the Lebesgue integral etc in higher dimensions – still I hope it is clear that with a
little more application we could do it and for the moment I will just pretend that
we have.
So, what is the issue? Consider Laplace’s equation on an open set in R
n
. That
is, we want to ﬁnd a solution of
(4.236) −(
∂
2
u(x)
∂x
2
1
+
∂
2
u(x)
∂x
2
2
+ +
∂
2
u(x)
∂x
2
n
) = f(x) in Ω ⊂ R
n
.
Now, maybe some of you have not had a rigorous treatment of partical deriva
tives either. Just add that to the heap of unresolved issues. In any case, partial
derivatives are just onedimensional derivatives in the variable concerned with the
other variables held ﬁxed. So, we are looking for a function u which has all partial
derivatives up to order 2 existing everywhere and continous. So, f will have to be
continuous too. Unfortunately this is not enough to guarantee the existence of a
twice continuously diﬀerentiable solution – later we will just suppose that f itself
is once continuously diﬀerentiable.
Now, we want a solution of (4.236) which satisﬁes the Dirichlet condition. For
this we need to have a reasonable domain, which has a decent boundary. To short
cut the work involved, let’s just suppose that 0 ∈ Ω and that it is given by an
inequality of the sort
(4.237) Ω = ¦z ∈ R
n
; [z[ < ρ(z/[z[)
where ρ is another once continuously diﬀerentiable, and strictly positive, function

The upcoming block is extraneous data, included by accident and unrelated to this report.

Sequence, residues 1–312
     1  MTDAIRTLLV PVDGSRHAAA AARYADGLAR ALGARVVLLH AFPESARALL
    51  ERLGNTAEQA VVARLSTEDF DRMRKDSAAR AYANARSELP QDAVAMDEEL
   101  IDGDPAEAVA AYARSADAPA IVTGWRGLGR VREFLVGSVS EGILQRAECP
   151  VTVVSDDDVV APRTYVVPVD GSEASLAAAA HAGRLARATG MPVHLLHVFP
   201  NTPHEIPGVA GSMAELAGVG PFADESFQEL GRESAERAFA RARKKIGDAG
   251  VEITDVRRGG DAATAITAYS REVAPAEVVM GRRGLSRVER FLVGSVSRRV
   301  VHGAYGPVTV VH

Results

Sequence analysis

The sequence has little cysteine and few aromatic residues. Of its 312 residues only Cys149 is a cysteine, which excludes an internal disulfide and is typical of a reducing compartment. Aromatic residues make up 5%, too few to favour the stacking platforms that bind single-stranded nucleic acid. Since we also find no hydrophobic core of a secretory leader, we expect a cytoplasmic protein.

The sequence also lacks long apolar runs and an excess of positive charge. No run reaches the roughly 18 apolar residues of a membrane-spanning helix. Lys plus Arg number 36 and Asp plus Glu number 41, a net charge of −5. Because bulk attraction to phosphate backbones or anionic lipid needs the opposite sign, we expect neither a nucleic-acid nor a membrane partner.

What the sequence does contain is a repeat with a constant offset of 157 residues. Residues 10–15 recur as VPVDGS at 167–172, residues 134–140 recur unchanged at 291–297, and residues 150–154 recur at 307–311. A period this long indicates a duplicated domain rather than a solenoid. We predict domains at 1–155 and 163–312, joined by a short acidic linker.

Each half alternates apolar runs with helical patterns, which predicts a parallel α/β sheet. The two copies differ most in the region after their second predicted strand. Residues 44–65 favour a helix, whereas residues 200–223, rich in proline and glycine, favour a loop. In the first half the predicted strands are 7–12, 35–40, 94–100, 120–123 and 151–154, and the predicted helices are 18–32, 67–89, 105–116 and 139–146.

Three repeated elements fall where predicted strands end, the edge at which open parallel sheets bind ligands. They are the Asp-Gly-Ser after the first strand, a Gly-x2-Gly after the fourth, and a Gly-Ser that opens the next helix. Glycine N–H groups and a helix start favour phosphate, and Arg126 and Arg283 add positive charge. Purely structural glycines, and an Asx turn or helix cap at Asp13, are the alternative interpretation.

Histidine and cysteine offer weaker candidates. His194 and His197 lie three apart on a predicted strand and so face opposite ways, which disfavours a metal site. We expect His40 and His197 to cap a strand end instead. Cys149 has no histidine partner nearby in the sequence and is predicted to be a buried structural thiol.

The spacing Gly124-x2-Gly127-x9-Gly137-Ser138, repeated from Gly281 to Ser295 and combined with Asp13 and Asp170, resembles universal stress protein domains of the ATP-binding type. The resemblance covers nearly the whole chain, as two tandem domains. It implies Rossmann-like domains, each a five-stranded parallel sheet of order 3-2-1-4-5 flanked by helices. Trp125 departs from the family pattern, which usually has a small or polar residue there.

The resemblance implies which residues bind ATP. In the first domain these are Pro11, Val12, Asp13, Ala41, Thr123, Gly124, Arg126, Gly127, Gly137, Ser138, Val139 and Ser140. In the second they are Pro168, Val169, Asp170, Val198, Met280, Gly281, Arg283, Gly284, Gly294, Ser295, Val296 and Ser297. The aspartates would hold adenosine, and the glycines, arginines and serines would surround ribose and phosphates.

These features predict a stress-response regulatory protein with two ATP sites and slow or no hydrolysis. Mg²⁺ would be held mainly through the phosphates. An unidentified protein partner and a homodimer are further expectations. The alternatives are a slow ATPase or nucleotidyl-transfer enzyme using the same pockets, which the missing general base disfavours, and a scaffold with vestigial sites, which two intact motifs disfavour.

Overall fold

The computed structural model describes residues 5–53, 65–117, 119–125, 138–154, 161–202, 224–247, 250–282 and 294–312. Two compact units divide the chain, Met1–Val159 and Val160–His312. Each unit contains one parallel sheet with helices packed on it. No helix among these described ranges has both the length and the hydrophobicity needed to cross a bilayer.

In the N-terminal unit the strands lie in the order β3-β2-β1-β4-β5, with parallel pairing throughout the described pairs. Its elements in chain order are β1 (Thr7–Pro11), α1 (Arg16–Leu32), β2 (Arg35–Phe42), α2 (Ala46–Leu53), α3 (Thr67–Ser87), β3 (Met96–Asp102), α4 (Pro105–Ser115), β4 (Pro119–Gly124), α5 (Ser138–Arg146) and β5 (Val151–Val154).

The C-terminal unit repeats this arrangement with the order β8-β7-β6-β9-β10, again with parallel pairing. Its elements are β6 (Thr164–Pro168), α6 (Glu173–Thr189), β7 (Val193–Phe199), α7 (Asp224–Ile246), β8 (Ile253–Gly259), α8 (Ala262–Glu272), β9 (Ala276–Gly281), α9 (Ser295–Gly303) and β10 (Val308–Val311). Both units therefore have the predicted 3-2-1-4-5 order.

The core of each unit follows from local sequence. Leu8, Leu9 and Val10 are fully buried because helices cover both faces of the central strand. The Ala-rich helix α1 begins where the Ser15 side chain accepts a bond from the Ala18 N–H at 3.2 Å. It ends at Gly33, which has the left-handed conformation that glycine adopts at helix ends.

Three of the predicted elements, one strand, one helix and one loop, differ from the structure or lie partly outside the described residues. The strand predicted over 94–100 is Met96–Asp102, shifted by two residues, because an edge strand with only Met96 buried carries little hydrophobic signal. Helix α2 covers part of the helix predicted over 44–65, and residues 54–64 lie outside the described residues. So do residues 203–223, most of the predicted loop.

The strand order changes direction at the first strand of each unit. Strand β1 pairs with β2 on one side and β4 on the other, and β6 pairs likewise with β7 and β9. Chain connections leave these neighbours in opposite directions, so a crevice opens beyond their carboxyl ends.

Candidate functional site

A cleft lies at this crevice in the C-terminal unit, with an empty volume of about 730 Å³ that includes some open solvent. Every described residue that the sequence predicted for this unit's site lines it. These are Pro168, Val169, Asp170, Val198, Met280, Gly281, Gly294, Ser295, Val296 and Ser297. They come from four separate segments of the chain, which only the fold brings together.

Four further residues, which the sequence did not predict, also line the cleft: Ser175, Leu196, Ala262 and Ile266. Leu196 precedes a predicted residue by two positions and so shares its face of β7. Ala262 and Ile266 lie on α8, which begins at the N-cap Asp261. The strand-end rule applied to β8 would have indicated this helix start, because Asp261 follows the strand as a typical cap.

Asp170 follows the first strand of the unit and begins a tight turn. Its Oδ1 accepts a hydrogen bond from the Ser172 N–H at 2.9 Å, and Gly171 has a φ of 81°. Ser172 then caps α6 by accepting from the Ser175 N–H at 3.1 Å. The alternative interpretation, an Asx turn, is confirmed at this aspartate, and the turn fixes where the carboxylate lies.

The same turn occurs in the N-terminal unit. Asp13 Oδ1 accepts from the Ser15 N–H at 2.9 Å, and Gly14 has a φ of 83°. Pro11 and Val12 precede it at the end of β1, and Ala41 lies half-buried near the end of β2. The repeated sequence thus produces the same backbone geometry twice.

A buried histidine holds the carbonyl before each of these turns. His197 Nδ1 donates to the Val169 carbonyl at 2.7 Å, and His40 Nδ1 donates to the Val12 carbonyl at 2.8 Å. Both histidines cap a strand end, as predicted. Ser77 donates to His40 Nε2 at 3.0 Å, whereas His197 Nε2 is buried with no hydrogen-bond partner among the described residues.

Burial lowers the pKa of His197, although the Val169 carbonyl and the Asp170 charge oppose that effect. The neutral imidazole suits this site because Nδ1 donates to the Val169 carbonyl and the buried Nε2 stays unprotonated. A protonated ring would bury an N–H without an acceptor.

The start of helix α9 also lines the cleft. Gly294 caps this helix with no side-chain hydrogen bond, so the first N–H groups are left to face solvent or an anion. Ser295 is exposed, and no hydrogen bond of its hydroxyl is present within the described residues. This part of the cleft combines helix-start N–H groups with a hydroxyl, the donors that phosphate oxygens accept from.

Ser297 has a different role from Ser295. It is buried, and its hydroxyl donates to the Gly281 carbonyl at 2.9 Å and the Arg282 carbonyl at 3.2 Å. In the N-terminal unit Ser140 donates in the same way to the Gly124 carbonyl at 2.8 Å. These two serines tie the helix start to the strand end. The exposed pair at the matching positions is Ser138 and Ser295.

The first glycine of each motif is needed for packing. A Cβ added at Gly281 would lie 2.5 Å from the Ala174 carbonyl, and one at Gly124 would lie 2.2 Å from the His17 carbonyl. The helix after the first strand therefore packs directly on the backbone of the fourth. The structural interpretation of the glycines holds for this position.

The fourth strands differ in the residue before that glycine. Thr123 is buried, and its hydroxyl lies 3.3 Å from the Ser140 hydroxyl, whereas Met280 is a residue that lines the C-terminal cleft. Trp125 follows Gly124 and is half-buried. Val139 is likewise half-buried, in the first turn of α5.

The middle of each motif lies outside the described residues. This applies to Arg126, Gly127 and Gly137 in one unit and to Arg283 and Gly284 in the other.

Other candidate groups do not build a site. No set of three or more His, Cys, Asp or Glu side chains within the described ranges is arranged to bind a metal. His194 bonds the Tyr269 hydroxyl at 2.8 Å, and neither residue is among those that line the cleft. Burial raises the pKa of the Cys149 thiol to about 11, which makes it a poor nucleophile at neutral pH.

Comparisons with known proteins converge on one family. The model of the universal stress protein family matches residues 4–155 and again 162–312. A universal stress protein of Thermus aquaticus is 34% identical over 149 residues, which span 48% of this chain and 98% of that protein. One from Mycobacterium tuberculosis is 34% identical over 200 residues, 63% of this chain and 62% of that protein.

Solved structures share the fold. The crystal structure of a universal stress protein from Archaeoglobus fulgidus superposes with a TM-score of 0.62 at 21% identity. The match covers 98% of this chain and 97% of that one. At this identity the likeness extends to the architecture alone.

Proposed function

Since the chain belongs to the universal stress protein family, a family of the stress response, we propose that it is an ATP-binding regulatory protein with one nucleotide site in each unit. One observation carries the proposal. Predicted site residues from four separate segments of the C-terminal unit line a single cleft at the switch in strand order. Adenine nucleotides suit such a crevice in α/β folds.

on R
n
(although we only care about its values on the unit vectors). So, this is no
worse than what we are already dealing with.
Now, the Dirichlet condition can be stated as
(4.238) u ∈ (
0
(Ω), u
¸
¸
z[ = ρ(z/[z[) = 0.
Here we need the ﬁrst condition to make much sense of the second.
So, what I want to approach is the following result – which can be improved a
lot and which I will not quite manage to prove anyway.
Theorem 19. If 0 < ρ ∈ (
1
(R
n
), and f ∈ (
1
(R
n
) then there exists a unique
u ∈ (
2
(Ω) ∩ (
0
(Ω) satisfying (4.236) and (4.238).
CHAPTER 5
Problems and solutions
1. Problems – Chapter 1
Problem 5.1. Show from ﬁrst principles that if V is a vector space (over R or
C) then for any set X the space
(5.1) T(X; V ) = ¦u : X −→ V ¦
is a linear space over the same ﬁeld, with ‘pointwise operations’.
Problem 5.2. If V is a vector space and S ⊂ V is a subset which is closed
under addition and scalar multiplication:
(5.2) v
1
, v
2
∈ S, λ ∈ K =⇒ v
1
+v
2
∈ S and λv
1
∈ S
then S is a vector space as well (called of course a subspace).
Problem 5.3. If S ⊂ V be a linear subspace of a vector space show that the
relation on V
(5.3) v
1
∼ v
2
⇐⇒ v
1
−v
2
∈ S
is an equivalence relation and that the set of equivalence classes, denoted usually
V/S, is a vector space in a natural way.
Problem 5.4. In case you do not know it, go through the basic theory of
ﬁnitedimensional vector spaces. Deﬁne a vector space V to be ﬁnitedimensional
if there is an integer N such that any N elements of V are linearly dependent – if